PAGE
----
Sinquefield Cup: Round 7 - Three at the top

by Venkatachalam Saravanan
8/10/2017 – We now have a three-way tie for first, after wins by Anand and Aronian. Vachier-Lagrave only drew, and Magnus Carlsen remains a half point back. Garry Kasparov arrived and delighted fans with an appearance on the live commentary webcast! | Photos: Lennart Ootes

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The art of opening preparation


Garry Kasparov and Vishy Anand together on the live webcast (click or tap to expand) | Photo: Lennart Ootes

‘Attack’ is a word attached to the tactical side of the game of chess, and invariably, the queen is an important piece in kingside attack. It is next to impossible to think of a successful attack without having the queen to direct and participate in the attack as the main entity. But rarely, when such attacks on the kingside take place without the participation of the queen, the aesthetics of a concept is more attractive than its surprise value. This is mainly because it is difficult to think of bringing complexity to the assault without unique ideas in such a position. It was left to the genius of Levon Aronian to show us such a creation on the seventh round of the Sinquefield Cup.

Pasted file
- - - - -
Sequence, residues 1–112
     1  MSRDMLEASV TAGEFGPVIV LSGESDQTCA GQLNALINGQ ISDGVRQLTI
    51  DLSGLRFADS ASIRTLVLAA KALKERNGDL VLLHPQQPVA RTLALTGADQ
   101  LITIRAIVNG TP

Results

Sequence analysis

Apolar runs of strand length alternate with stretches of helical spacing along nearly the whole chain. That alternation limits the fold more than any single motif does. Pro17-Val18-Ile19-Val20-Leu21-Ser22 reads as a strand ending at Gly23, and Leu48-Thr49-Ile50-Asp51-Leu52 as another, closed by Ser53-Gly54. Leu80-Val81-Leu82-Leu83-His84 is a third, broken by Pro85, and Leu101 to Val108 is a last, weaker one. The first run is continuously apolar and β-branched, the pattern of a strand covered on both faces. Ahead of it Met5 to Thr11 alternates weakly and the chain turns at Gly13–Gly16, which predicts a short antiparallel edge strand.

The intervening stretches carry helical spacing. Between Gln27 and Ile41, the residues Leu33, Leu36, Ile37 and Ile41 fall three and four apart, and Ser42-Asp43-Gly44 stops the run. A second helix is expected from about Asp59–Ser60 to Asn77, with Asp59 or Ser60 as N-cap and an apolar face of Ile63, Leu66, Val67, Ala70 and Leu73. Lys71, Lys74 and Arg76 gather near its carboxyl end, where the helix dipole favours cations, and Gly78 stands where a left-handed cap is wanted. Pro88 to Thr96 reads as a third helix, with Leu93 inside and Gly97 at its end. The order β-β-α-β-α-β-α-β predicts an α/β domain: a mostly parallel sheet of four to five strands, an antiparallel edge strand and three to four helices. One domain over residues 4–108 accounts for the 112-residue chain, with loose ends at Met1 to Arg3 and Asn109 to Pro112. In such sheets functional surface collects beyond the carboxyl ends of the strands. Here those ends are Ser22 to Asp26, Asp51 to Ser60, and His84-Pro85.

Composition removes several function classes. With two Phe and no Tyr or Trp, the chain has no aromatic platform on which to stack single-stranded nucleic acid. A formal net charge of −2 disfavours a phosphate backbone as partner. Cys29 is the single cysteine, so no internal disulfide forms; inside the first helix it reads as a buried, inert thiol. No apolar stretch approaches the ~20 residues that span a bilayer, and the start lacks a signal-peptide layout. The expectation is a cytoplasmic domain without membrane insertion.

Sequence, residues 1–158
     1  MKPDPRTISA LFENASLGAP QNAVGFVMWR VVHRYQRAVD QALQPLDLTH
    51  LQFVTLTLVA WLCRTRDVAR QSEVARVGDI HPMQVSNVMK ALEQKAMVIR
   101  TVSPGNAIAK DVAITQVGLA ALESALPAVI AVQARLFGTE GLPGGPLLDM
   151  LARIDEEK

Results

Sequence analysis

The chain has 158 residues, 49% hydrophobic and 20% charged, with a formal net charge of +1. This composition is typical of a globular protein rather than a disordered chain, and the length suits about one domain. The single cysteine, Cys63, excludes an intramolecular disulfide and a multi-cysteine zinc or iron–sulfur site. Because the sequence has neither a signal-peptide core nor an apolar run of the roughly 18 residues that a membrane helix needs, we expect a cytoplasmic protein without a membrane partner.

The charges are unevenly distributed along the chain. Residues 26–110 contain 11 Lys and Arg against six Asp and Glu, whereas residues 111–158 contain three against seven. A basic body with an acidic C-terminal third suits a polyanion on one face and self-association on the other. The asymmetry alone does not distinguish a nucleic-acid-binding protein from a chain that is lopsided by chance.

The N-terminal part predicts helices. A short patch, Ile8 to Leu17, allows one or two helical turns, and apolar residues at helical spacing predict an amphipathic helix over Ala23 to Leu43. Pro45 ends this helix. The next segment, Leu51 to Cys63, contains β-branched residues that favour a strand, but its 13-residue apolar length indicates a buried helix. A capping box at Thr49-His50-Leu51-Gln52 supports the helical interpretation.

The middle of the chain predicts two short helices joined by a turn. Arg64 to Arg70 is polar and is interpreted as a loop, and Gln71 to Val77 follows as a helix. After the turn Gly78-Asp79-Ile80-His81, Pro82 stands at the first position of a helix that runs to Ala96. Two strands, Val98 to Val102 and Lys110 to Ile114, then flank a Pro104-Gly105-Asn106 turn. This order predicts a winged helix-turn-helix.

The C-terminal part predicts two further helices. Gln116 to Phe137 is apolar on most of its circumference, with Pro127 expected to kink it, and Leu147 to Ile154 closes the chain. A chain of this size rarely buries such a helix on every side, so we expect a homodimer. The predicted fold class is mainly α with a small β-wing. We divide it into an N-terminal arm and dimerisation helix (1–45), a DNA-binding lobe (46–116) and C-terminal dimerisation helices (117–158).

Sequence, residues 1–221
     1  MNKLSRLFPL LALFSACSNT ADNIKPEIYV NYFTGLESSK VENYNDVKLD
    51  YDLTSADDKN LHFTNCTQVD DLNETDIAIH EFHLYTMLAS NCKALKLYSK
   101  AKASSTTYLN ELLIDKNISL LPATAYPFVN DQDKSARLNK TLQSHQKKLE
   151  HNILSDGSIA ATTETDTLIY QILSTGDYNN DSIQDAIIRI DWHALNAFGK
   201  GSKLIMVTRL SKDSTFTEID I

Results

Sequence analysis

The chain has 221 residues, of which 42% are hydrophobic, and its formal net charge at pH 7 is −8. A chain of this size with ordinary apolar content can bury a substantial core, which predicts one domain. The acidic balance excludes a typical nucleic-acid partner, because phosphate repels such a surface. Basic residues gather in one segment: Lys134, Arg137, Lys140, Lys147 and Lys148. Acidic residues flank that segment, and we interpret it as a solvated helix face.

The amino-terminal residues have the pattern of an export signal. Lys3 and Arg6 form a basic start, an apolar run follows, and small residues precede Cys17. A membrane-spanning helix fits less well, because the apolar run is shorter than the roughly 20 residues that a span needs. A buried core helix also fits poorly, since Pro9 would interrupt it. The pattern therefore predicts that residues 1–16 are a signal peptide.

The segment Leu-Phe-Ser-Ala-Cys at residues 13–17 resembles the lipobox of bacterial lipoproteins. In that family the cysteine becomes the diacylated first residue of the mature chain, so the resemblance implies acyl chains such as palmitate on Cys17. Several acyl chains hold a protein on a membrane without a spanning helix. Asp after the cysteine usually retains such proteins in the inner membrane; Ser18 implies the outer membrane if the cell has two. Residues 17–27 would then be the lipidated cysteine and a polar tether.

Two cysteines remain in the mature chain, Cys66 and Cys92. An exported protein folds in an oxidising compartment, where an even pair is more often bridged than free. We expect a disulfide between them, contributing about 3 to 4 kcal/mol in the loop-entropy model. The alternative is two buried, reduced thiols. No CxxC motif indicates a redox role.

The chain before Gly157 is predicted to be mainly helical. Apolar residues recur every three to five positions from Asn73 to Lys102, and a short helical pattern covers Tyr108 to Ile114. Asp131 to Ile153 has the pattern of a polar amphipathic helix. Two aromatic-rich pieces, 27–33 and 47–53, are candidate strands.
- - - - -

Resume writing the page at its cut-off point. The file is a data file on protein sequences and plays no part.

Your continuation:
Opening preparation is an art which gets ever more complicated in this vicious era we live. Thus, we might think the obscure variation which our opponent seem to be playing quite fast may be the result of burning of the midnight oil, but in fact he might have had the help of games not played in chess tournaments, but in the cyberspace or between silicon chips: Correspondence / Email games and engine games.

Nakamura and Aronian

Opening preparation almost beyond human comprehension | Photo: Austin Fuller

Playing with Black pieces, the Armenian played a curious variation first invented in a game between Kasparov and Karpov in the eighties, but was met with an obscure choice by Nakamura early into the variation 11.Qa4!?

Nakamura’s seemingly rare move and Aronian’s replies were all part of the non-human databases which top players of today use for preparation, and finally when they started thinking over the board like good chess players do, we had reached the following position:


Though the engines find the position slightly better for White, it is hardly the case when you look at it with naked eyes, due to the closed nature of the position, and when you look at the white bishops on g2 and c1.